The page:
SCA is to a heart attack like apples are to oranges

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October is sudden cardiac arrest (SCA) awareness month and the Heart Rhythm Society (HRS) has begun a campaign to educate the public about the difference between a heart attack and SCA and to educate physicians about better informing their patients of these differences.

The tagline for the HRS campaign is: “Think sudden cardiac arrest is a heart attack? That’s like comparing apples to oranges.”

Previous research has shown that many Americans don’t know the difference between SCA and a heart attack, which can lead to people overlooking and missing warning signs that may indicate the risk of SCA.

HRS also wants to educate physicians about the importance of speaking with at-risk patients and their families about SCA and MI and the difference between the two.

Almost two-thirds of SCA deaths occur without any prior indications of heart disease. Some symptoms that may indicate someone is at risk for SCA include:

  • A previous heart attack: individuals who have had a heart attack are at greater risk of SCA—75 percent of people who die of SCA show signs of a previous heart attack;
  • A family history of sudden death, heart failure or massive heart attack;
  • Abnormal heart rate or rhythm of unknown cause;
  • Unusual rapid heart rate that comes and goes, even when the person is at rest;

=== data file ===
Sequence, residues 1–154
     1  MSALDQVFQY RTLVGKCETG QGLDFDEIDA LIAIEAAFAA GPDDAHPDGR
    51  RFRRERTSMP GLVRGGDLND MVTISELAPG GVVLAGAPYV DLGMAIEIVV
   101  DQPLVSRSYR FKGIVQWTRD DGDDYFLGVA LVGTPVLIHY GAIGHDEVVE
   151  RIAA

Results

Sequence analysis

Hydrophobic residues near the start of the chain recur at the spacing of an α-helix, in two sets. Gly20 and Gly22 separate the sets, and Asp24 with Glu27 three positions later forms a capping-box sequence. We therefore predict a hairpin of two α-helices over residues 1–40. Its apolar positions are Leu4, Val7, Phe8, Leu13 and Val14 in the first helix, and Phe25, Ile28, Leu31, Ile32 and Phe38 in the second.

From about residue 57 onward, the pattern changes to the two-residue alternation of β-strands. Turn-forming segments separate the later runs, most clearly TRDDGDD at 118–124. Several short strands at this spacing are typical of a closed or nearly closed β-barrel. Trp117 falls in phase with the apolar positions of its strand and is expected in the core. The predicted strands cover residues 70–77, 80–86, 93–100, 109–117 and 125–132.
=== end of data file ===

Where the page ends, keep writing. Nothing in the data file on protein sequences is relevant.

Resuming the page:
• Episodes of fainting of unknown cause; and
  • Low ejection fraction.

A recent survey conducted by the HRS asked people how they would respond if they witnessed an SCA event. Results showed that 42 percent would call 9-1-1 and wait for emergency personnel to respond, 35 percent would administer cardiopulmonary resuscitation or chest compressions and only 16 percent of respondents would use an automatic external defibrillator.

Be sure to read the article in this portal about the awards given to various people and programs by the Sudden Cardiac Arrest Association. Recipients include the New York City Fire Department and the governor of Illinois.

For more information on products associated with external defibrillators, be sure to stop by our HealthCare TechGuide. Company and product listings, whitepapers and upcoming events are just a mouse click away.

Also, you can read about the use of automated CPR devices in the cath lab in the July/August issue of Cardiovascular Business.

Lastly, if you have a comment or report to share about any aspect of sudden cardiac arrest, please contact me at the address below. I look forward to hearing from you.

Chris Kaiser, Editor

ckaiser@cardiovascularbusiness.com